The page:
Less than six months after the Magna Carta, John had turned the tables on the rebel barons and struck back. He captured Rochester and stood ready to re-establish the power he had never really relented. Is this beginning to sound familiar? Wait, there’s more. The rebel barons, recognising the need for powerful support, sought it from the French. No, not Platini, but you can see the similarity coming. They approached Prince Louis of France, the son of Philip II, with the promise of the crown in exchange for his help in defeating John. And so, we’re pretty well up to date with the links between John and Sepp, but looking at how it panned out with the king of England, may just give us a hint into the future of the emperor of Fifa.

If Blatter is King John, could Michel Platini be Prince Louis of France?

If Blatter is King John, could Michel Platini be Prince Louis of France?

Grasping his chance, Louis sent reinforcements to London to stiffen the resolve of the rebels. John however, perhaps lacking the political nous of Blatter hesitated and failed to grasp the seat of power before it was strengthened. It proved a fatal delay. Less than twelve months after Runnymede, Louis landed an army at Sandwich in Kent. John had been prepared, but an overnight storm had ravaged his navy and his supporters rapidly lost faith and deserted the increasingly isolated monarch. John retreated and as he did so, more of the baronial powers threw in their lot with Louis. It seemed that Platini, er sorry Louis, was to take power.

Fate then took a hand. John contracted dysentery, and died in October 1216. It seemed the door was now open for Louis. Seeing their chance however, the barons decided they no longer needed French help. They took back their offer and instead placed John’s son on the throne as Henry III. The Magna Carta was reissued and the previously rebellious barons flocked to the royal standard, turning the civil war into one of national salvation, eventually defeating Louis who withdrew back to France.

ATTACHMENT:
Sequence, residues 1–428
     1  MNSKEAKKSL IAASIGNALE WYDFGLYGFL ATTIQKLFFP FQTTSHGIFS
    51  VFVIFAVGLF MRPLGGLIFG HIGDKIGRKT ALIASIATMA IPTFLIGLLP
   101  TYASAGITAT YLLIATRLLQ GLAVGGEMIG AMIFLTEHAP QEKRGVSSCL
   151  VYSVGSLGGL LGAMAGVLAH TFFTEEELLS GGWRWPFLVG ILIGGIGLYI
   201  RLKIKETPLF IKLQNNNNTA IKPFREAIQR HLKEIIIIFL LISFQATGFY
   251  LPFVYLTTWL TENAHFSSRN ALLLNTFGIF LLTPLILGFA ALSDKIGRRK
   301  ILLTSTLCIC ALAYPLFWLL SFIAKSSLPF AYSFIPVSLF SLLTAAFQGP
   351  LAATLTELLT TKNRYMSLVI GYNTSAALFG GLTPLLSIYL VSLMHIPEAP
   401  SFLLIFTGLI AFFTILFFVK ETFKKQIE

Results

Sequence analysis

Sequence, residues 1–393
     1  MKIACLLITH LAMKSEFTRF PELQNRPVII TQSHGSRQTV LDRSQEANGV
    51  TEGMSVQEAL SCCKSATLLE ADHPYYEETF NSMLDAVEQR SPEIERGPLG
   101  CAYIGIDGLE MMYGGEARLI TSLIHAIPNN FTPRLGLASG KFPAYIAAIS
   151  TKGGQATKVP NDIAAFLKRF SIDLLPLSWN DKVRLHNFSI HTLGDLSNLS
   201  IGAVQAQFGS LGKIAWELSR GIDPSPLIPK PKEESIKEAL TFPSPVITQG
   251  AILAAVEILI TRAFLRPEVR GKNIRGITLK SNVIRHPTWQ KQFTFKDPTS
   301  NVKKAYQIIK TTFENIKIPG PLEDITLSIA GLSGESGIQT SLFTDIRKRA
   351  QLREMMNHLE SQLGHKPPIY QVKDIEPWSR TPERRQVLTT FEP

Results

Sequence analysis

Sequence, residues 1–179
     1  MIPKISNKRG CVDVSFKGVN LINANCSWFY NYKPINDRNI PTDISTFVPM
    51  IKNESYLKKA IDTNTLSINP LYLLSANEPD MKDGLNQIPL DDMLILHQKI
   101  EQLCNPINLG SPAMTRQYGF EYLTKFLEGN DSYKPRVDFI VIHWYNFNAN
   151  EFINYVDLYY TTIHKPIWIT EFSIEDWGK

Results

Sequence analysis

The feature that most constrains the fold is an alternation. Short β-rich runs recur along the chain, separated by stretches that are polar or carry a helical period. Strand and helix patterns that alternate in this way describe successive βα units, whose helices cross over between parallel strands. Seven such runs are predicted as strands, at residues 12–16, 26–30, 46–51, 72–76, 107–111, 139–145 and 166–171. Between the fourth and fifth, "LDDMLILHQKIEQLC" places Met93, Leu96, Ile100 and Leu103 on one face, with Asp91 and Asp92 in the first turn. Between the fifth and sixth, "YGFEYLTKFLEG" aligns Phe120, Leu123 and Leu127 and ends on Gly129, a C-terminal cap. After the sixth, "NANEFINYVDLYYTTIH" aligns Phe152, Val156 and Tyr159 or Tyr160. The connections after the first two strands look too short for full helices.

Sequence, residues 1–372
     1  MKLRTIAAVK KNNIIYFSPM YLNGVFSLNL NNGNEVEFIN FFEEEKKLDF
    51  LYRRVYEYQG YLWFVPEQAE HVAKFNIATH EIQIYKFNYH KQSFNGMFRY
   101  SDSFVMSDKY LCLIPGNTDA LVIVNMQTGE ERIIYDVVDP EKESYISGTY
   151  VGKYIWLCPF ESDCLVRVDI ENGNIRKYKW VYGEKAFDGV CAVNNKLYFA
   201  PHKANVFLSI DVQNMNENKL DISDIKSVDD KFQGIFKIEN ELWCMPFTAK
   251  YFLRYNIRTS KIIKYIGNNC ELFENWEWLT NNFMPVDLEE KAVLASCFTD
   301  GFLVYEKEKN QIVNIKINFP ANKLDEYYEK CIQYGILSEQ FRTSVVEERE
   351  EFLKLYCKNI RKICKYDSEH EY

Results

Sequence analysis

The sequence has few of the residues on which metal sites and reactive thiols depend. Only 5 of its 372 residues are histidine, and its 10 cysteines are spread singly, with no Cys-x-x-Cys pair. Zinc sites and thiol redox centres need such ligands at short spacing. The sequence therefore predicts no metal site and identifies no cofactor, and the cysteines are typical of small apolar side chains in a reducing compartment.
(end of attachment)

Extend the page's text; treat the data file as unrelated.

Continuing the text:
So, what does the story of Magna Carta tell us of the future fate of Fifa and Sepp Blatter? Probably not a lot. Paint John as Blatter however, the barons as the disaffected leaders of Europe’s national associations and Louis as Platini, and perhaps it may just pan out a bit like this…

Platini is persuaded to stand against Blatter, the old despot fails to take the challenge seriously and is fatally wounded in a close election that he wins, but only just. Acolytes and supporters alike desert him as they see their gravy train heading towards the buffers. He withdraws from the post and Platini prepares to be anointed as the new power. With the old man gone however, Europe’s power brokers remember their issues with Platini of the past. Less bad than Blatter, but far from good in their eyes. They resolve on a new candidate. Let’s say someone like David Bernstein, and he gets the job. Platini is sent back to Uefa with his power and prestige hobbled by the whole affair.

Yes, it’s a flight of fancy that in all probability has little likelihood of happening. Or is it? History has a perverse habit of repeating itself and, as they say, you never know. Just remember one thing. If it, or something similar does happen, you heard it heard first. Or, at Runnymede in 1215, that is.

(This All Blue Daze article was originally produced for the ‘offsiderulepodcast’ website).

References: